Although you may not have heard of him, you might already have come across his art. Every Friday, Patrik Lundell distributes his artworks for free in Florence’s historic centre, leaving his pieces, which are made from cardboard left out for recycling, on streets and buildings for passersby to pick up.
While Lundell himself has a wealth of stories to tell, the art he has tattooed on his body tells some of them for him. Whenever he comes across something particularly interesting or important to him, he immortalises it in a tattoo. Among them is a series of symbols painted on buildings by homeless people in New York, used to communicate information to each other, such as where to get food and water, or which streets to avoid.
Another tattoo is a representation of his grandmother, who was the reason he took up art in the first place. ‘My grandmother gave me art supplies, booklets, paints and all that, every birthday and every Christmas, and they started to pile up. In 2007 she got really sick and ended up in a hospital. A lot of thoughts went through my head and I rediscovered these things and did my first painting. She passed away unfortunately and never got to see the painting. But now whenever I paint, I paint for her.’
Lundell was born and grew up on an island in Stockholm’s archipelago: the landscape and the free and open mindset of the people there inspire his work to this day. After several exhibitions in Sweden, his life changed when he met his girlfriend, Jacqueline, who is also an artist. ‘When we met I felt it was going to be an adventure. We had only known each other for a short period of time when I gave her a tattoo as a gift. “Follow your dreams wherever they take you” was the text she chose to tattoo on herself. This text and the meaning of it took us here to Florence.’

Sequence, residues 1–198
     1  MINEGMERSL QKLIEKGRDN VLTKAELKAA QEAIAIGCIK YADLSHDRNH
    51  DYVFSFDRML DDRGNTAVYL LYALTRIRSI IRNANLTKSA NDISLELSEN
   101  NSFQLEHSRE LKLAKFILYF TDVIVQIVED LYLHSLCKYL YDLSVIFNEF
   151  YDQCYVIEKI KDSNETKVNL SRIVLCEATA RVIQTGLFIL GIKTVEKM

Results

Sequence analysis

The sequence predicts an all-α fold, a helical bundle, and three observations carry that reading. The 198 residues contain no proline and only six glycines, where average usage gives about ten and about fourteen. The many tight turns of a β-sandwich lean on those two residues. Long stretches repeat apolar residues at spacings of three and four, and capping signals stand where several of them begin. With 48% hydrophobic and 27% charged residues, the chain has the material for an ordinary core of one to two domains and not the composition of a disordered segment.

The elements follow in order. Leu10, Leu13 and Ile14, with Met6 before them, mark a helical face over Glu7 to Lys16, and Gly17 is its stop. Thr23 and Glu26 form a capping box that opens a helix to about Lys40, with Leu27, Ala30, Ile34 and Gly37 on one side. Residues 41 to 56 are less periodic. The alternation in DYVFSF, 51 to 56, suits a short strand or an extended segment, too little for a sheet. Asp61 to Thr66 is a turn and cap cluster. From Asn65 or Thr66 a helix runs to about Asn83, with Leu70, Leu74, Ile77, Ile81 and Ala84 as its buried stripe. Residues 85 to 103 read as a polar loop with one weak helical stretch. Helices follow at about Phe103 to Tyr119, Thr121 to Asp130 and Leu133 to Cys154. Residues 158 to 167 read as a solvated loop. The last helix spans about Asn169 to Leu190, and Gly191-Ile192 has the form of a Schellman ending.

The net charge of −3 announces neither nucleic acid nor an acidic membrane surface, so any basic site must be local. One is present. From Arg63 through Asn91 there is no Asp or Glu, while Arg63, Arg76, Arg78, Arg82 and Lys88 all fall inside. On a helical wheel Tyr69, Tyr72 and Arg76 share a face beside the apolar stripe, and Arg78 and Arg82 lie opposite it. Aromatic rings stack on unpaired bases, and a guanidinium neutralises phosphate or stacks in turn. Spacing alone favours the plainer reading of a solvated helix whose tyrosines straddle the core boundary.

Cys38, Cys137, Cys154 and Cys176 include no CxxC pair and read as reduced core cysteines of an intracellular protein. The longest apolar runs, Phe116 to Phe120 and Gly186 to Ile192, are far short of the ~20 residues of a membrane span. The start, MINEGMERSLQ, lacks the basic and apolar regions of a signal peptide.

While moving to Florence was challenging at first, especially with the language barrier, Lundell’s motto is ‘Believe in your art and the rest will follow.’ And ‘the rest’ has indeed followed fairly smoothly. He and his girlfriend Jacqueline have already had several exhibitions around the city, and they both love ‘the friendliness of Florentine people. We really feel at home here.’
Lundell’s art revolves around figures and words, and one of his characteristic figures, a waiter, has recently made it onto a wine bottle. Lundell wants to bring his art to ‘a new public and to show other artists that nowadays it’s necessary to really think outside the box’, finding new ways to display art and not just focusing on galleries. The Montalcino wine with his image on the label can be found in Florence’s Enoteca alla Sosta dei Papi (via Borgo La Croce 81a), which is currently working on a Chardonnay to host another piece of Lundell’s art.
A main feature in Lundell’s work is his use of recycled materials. When he recently came across two gun holsters at the market in piazza dei Ciompi he knew exactly what to do with them. After a few licks of paint, the holsters are now up on the wall and engaging in conversation. Explains Lundell, ‘“Who knew I’d end up here,’ one of the holsters asks out loud, and his brother replies, “Peace and love.” Their story was clear for me: [destructive] things may be used for a greater cause.’
Lundell has a number of exhibitions coming up in Florence, including ones at Ètè Bistrot (via Faenza 55r; until October 31) and Volume (via di Santo Spirito 5; October 31–November 30). See www.patriklundell.com to find out about other exhibits and to delve further into the world of this Swedish free spirit who has made Florence his home.
How have you changed by being in Florence?
I’ve become more of an optimist, a positive thinker. Anything is possible, and what it comes down to is you.
One thing that Sweden will always do better?
Apartment upkeep. When a part of the wall is going to fall off, Italians tend to build around it rather than fixing it. You also have to learn to adapt to the a domani mentality, and to having cold water some days.
One thing that Italy will always do better?
There are so many things. The mentality. In Sweden everything’s really strict. If someone cuts in front of you in a queue you start tweeting about how they spoilt your day! Here you are expected to cut the line. Life is more interesting this way. I don’t want to live in a box.
What’s the best place for contemporary art in Florence?
The streets. I especially like what Clet has done, he’s a really smart guy.
Is there a place in the city that inspires you?
The former prison Le Murate. I like to sit in the courtyard, to feel the history. It’s in the walls.